LIGHT BEAMS Steer SUPER RACING CARS (Apr, 1936)

LIGHT BEAMS Steer SUPER RACING CARS
Speeds never before attained on land may become a reality if experiments with light beam, driverless cars are successful. Here are the mechanical features that will be involved.

WITH speeds, such as recently attained by the famous Sir Malcom Campbell, already approaching the point where human reflexes are too slow to insure safe control of the car, science has turned to the photo electric cell for a possible solution. A proposed driverless car involves the use of multiple electric eyes as the heart of its steering mechanism. A powerful beam of light directed at a large lens on the front of the car is concentrated on steel mirrors set at an angle in the trackbed. The reflections are “caught” by the electric eyes which convey the electrical impulses to a mechanical-electrical brain which keeps the speeding car on its course.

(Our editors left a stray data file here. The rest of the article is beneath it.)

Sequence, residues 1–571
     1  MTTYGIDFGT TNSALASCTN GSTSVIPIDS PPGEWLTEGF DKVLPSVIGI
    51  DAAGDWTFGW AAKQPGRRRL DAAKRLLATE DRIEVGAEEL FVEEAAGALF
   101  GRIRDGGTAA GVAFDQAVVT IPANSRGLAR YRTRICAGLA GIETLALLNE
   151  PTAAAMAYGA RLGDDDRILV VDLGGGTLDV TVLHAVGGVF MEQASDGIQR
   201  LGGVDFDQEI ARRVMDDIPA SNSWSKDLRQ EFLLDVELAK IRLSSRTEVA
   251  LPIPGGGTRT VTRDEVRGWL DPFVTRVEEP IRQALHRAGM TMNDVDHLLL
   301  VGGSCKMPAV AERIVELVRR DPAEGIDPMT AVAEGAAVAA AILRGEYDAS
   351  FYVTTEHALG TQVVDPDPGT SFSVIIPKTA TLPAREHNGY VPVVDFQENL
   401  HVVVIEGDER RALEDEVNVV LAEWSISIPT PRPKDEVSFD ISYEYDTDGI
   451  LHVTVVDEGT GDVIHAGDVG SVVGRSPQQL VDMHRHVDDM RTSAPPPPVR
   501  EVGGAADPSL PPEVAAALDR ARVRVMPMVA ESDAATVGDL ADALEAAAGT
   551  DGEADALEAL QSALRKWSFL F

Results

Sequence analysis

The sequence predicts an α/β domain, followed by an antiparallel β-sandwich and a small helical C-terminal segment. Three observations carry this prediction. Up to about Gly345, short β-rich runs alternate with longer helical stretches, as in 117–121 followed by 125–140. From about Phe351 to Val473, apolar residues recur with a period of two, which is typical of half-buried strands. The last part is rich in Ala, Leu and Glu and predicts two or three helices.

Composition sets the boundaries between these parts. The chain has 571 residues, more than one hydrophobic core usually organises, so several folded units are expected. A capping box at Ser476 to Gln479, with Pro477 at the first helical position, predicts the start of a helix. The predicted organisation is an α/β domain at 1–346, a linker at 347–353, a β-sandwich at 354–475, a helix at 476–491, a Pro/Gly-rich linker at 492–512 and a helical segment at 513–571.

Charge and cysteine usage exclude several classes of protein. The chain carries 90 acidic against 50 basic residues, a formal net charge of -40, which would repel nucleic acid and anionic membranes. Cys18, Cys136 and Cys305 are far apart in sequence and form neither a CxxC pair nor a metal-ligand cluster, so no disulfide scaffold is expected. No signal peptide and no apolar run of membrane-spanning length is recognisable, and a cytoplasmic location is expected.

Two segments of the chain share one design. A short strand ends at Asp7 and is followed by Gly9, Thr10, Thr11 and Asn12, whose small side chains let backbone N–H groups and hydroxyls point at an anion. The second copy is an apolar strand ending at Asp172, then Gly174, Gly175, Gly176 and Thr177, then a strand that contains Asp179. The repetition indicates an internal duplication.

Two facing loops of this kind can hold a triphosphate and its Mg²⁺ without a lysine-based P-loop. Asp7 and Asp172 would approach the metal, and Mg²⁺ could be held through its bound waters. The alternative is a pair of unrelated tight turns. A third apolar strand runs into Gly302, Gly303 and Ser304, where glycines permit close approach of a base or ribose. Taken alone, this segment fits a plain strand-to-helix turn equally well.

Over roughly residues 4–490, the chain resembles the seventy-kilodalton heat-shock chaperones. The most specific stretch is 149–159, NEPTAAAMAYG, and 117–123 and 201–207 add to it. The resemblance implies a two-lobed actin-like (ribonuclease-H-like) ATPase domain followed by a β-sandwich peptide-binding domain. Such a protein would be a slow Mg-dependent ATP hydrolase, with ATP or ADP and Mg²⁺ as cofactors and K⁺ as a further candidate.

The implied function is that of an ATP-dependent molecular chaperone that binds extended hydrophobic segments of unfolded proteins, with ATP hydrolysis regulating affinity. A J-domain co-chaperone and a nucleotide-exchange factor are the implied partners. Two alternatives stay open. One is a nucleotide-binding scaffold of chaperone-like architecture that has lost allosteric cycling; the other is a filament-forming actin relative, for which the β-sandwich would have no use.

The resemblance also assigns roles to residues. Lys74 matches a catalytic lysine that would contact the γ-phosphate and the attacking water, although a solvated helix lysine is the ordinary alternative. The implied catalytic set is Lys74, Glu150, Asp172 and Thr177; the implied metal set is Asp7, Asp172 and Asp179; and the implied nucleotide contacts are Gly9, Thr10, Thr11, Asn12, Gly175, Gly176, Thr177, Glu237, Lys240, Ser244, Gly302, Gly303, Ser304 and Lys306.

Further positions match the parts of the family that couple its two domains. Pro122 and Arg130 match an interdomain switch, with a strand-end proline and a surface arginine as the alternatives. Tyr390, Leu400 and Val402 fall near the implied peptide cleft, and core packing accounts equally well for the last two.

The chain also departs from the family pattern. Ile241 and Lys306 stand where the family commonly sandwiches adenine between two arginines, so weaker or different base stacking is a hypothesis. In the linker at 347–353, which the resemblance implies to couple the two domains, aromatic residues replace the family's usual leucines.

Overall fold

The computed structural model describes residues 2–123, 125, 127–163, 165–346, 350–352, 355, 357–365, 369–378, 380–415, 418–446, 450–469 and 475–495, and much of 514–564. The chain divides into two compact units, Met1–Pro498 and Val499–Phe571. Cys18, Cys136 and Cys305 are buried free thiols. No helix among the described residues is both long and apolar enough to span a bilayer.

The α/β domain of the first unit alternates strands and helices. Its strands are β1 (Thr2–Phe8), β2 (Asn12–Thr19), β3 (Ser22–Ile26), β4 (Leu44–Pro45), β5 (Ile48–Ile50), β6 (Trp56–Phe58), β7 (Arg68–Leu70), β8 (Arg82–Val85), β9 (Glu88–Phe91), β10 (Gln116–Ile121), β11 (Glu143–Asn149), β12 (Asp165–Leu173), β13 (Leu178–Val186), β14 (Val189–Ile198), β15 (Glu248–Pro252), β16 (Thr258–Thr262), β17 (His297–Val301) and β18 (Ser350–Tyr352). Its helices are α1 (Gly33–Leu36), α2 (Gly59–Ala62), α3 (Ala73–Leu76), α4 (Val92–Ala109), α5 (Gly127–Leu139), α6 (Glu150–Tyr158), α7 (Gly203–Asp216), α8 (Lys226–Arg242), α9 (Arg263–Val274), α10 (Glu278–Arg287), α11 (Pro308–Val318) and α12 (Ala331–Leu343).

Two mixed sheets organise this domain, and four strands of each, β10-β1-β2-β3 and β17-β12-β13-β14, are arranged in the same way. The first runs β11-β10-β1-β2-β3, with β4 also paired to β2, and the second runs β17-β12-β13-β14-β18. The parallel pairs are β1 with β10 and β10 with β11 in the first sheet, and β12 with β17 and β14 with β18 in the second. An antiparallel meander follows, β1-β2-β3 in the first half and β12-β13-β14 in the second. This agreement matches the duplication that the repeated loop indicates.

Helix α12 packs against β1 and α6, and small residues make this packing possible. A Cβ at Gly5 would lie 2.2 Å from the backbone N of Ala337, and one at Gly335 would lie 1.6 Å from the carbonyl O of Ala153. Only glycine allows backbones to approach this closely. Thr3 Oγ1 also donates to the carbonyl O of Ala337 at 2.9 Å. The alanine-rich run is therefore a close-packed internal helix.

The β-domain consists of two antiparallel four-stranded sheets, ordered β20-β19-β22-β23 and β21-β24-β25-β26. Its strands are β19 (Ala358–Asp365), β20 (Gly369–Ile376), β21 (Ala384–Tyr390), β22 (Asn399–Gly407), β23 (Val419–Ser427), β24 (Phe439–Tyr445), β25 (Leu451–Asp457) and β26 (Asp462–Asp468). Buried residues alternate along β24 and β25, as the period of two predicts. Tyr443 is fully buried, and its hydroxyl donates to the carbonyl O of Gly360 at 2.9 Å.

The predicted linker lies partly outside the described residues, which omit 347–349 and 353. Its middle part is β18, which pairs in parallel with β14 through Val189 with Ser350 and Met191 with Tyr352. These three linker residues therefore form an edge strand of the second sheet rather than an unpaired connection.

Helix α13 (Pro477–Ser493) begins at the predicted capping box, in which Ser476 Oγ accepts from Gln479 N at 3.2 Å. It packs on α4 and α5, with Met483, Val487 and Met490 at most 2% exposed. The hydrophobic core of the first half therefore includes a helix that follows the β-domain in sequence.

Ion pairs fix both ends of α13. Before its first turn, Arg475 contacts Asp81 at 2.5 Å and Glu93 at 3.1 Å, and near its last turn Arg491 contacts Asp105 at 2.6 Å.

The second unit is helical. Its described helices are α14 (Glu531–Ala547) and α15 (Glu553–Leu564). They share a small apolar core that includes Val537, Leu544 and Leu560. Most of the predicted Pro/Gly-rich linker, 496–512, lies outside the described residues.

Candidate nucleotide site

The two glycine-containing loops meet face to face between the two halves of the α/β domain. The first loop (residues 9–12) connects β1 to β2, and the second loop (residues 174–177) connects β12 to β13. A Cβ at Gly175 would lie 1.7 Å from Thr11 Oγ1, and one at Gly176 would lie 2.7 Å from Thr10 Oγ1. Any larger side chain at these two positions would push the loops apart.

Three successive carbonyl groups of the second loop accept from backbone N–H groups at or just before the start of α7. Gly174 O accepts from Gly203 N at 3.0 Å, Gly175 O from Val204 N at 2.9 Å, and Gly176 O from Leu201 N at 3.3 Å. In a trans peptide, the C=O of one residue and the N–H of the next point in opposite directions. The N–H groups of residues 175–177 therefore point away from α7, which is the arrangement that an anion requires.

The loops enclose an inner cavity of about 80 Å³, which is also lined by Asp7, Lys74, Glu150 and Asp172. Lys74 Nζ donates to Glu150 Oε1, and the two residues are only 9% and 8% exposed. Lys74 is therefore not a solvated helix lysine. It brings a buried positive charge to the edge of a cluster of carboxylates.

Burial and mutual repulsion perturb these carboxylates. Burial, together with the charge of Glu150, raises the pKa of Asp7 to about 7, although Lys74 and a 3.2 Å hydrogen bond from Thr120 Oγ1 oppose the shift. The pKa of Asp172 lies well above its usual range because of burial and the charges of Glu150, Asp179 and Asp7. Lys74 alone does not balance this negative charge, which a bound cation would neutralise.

The use of the electric eye for this purpose is not surprising as German railway engineers have been operating trains on the Reichsbahnzentralamt of Munich in this manner for several years-Here a spotlight is mounted on the locomotive so that it throws a beam upward to a mirror on the block signal. When the signal is red the mirror reflects the beam to photo electric cells on the locomotive which automatically set the brakes. This method was described in the Modern Mechanix for November, 1934.

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